Raymond Melee appointed Gatwick development dir.

01 April 2015

Gatwick has appointed one of the world’s most experienced airport construction project managers to prepare the groundwork and ensure construction of a new runway can start immediately, should the Government and planning authorities give it the green light.

The UK urgently needs more runway capacity and Raymond Melee will make sure not a moment is lost and Gatwick can start construction as soon as a possible after achieving the necessary permissions.  If approved, a new runway at Gatwick is set to be operational by 2025 – earlier than other schemes being considered.
 
As Gatwick’s new director of development, Raymond brings with him nearly three decades of experience building over 25 international airports across four continents, including Abu Dhabi International Airport UAE, Mumbai International Airport, India, and Singapore Changi International Airport.
 
Raymond will also be responsible for taking forward a £1 billion investment programme to improve the existing airport infrastructure, including a complete transformation of the North Terminal.   
 
Raymond Melee, Gatwick Director of Development, said: “The UK has been debating a new runway in the South East for decades and there is little time left for talk. More capacity is urgently needed and, from a construction perspective, Gatwick’s plans are comparatively low risk and have few complex hurdles to overcome.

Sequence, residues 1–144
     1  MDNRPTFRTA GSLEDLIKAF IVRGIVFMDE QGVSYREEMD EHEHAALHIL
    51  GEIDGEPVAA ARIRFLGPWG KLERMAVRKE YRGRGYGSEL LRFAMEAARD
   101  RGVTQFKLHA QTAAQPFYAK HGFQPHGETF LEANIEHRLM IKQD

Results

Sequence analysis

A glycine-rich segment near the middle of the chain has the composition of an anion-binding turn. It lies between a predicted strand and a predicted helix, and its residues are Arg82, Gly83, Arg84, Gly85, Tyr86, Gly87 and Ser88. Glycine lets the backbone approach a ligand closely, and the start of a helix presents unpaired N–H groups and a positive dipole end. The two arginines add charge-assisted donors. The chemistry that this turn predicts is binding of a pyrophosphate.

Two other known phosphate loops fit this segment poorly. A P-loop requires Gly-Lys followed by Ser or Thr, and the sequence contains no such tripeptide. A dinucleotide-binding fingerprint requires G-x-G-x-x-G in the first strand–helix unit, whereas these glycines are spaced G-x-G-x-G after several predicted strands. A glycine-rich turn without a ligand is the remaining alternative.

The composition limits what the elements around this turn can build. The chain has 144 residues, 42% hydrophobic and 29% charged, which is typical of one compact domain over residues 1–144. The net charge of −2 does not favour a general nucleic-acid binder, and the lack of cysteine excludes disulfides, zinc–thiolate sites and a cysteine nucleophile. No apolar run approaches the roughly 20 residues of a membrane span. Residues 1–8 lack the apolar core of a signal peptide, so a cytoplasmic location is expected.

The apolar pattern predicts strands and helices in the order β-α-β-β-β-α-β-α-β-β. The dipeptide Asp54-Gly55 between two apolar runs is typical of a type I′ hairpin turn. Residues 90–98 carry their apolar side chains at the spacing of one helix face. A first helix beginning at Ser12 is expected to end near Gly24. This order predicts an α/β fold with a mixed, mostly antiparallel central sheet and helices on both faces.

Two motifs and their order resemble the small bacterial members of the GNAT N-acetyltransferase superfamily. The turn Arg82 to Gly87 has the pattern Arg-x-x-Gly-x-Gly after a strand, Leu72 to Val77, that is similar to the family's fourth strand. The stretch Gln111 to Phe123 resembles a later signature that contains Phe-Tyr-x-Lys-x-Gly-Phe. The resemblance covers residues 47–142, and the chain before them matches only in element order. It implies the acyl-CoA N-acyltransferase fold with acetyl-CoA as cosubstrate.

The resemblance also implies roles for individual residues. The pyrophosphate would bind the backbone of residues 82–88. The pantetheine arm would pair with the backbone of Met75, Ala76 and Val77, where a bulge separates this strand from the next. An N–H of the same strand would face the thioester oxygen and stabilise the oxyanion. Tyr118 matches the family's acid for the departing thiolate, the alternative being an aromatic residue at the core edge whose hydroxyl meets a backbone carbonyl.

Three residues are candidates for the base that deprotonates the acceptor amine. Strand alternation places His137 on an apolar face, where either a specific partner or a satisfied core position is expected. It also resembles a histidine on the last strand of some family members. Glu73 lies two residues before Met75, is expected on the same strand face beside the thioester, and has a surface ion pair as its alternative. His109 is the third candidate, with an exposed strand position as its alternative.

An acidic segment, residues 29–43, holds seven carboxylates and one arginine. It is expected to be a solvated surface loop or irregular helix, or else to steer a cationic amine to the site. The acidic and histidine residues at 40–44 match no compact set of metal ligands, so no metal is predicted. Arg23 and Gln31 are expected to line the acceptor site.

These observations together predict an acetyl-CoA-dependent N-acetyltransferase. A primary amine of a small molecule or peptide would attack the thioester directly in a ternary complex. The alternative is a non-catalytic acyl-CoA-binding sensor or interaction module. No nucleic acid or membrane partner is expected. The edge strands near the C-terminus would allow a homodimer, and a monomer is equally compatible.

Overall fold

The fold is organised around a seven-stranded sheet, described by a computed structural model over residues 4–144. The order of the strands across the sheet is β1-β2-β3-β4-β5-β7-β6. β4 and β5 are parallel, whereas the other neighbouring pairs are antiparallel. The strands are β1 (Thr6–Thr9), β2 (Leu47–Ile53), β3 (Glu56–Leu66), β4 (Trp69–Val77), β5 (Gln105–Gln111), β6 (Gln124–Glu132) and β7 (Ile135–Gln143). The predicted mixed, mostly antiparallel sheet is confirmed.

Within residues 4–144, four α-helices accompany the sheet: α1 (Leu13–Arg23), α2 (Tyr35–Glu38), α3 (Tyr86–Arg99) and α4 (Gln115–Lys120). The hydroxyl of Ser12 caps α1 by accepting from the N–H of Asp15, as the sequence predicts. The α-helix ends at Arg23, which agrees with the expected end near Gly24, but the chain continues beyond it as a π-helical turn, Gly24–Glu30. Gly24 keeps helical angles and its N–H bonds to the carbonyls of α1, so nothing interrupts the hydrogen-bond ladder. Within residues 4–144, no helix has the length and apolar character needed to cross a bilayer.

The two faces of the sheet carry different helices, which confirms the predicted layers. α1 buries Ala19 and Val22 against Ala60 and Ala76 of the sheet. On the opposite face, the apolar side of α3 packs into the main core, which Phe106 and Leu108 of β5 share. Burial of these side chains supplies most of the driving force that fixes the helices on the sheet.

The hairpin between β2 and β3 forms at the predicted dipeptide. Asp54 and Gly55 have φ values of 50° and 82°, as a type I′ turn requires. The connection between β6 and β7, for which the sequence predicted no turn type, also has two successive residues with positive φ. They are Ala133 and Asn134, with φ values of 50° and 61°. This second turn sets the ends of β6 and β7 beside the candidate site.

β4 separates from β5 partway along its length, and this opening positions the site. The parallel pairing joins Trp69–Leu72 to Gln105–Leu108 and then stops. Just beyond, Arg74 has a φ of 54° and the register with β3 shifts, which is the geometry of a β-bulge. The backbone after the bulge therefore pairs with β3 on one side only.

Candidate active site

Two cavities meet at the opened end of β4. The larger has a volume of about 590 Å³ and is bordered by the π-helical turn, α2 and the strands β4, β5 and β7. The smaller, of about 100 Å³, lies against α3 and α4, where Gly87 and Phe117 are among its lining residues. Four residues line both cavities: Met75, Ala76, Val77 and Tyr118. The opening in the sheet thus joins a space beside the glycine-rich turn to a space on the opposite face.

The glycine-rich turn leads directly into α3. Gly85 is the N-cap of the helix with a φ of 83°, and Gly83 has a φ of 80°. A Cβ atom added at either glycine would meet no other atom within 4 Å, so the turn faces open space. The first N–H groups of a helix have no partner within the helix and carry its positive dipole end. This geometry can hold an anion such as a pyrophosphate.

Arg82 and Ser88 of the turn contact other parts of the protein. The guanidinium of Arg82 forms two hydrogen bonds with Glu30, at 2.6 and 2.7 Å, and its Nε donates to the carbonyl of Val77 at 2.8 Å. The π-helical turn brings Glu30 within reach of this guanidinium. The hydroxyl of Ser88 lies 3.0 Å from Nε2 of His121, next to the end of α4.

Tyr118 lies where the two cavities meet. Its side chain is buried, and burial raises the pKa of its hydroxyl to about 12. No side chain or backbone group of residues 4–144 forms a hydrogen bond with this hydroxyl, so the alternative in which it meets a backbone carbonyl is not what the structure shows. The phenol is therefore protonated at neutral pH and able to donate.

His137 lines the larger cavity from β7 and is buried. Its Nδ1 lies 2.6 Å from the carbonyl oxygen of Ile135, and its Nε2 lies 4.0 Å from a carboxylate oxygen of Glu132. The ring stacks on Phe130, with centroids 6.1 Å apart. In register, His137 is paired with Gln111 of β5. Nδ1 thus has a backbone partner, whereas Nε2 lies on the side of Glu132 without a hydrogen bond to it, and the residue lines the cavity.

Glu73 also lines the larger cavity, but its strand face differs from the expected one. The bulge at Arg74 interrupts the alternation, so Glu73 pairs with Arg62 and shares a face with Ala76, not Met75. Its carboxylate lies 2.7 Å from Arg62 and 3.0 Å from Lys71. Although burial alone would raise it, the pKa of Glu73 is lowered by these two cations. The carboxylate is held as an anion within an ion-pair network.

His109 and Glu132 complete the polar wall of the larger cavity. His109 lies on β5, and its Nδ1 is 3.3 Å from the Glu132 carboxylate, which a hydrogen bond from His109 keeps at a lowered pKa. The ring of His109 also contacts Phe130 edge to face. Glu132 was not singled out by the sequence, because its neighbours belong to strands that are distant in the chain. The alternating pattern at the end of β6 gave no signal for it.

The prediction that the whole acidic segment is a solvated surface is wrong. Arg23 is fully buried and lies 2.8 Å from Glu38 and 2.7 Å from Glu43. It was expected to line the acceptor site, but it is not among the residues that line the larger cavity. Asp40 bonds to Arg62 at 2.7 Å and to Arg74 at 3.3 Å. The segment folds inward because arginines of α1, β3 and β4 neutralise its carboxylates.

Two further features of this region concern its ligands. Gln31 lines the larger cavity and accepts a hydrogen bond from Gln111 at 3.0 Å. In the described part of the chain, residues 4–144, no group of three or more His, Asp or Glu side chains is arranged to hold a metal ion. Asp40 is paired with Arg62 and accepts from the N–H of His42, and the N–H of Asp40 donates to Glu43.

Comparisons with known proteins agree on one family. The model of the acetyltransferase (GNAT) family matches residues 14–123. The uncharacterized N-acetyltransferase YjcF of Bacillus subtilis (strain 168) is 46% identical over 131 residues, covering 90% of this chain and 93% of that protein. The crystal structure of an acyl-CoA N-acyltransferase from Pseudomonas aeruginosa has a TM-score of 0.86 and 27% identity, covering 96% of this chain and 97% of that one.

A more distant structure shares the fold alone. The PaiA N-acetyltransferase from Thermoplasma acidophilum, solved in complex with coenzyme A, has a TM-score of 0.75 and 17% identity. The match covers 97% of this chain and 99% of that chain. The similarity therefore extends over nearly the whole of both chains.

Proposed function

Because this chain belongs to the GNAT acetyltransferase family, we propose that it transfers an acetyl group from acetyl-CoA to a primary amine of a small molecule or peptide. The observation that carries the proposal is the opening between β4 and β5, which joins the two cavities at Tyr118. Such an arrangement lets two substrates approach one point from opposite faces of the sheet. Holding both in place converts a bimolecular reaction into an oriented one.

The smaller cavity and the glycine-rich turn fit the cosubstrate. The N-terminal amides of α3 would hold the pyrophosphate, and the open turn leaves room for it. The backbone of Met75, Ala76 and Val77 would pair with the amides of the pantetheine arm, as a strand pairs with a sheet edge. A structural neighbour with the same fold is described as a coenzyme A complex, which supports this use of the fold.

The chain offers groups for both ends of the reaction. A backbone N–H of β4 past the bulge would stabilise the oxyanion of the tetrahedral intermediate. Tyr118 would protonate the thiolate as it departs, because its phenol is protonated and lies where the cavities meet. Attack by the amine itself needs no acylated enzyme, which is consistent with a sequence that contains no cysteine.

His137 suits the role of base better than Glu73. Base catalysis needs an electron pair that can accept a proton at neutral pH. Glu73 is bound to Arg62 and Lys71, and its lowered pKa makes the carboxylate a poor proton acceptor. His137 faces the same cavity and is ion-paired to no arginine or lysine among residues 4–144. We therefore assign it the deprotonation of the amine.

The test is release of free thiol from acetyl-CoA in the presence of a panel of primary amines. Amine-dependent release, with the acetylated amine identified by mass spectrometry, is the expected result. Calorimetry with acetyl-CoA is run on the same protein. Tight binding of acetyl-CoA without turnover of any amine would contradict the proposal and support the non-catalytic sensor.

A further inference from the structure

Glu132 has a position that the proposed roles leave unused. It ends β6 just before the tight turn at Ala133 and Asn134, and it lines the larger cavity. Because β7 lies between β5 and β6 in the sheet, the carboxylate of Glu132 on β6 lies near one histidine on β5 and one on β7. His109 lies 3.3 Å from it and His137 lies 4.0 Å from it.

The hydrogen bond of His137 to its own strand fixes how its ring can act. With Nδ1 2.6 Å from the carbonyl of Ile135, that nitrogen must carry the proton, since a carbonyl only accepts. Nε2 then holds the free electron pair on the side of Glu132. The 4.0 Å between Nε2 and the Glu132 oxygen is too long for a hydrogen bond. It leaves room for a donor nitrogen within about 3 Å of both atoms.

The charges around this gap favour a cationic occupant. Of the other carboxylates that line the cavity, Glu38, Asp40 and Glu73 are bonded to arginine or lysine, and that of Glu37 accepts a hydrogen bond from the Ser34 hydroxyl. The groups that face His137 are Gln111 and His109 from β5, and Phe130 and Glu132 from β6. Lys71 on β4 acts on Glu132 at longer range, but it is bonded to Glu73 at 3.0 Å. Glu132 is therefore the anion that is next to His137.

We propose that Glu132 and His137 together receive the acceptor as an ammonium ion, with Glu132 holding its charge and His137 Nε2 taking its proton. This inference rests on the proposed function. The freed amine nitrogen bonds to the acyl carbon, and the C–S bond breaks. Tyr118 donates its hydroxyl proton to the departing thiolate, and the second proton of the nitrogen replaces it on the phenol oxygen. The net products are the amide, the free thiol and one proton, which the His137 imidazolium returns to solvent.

“Gatwick expansion is the most deliverable option and will deliver more passengers and destinations earlier, while boosting choice and competition at a fraction of the cost, complexity, and environmental impact of expansion at Heathrow. Give us the green light and our new runway and terminal will be operational by 2025.”
 
Building a new runway at Gatwick is a comparatively simple construction project and can be delivered quickly because:
 
· The land is safeguarded and has been set aside, so comparatively few planning obstacles to overcome
· Construction is low risk and would cause minimal disruption with no requirement to put the M25 into tunnels, widen the M4, or move and rebuild a giant waste plant, as there is at Heathrow
· No taxpayers’ money needs to be found as the entire project will be privately financed.  Heathrow needs up to £5.7 billion of taxpayer’s money to pay for transport improvements alone
· The airport is located in a largely rural setting with flights from an expanded Gatwick impacting only 5% of the almost a million who would be affected at Heathrow, and
· Comparatively low environmental impact – without the noise, road congestions and air quality issues associated with Heathrow

 
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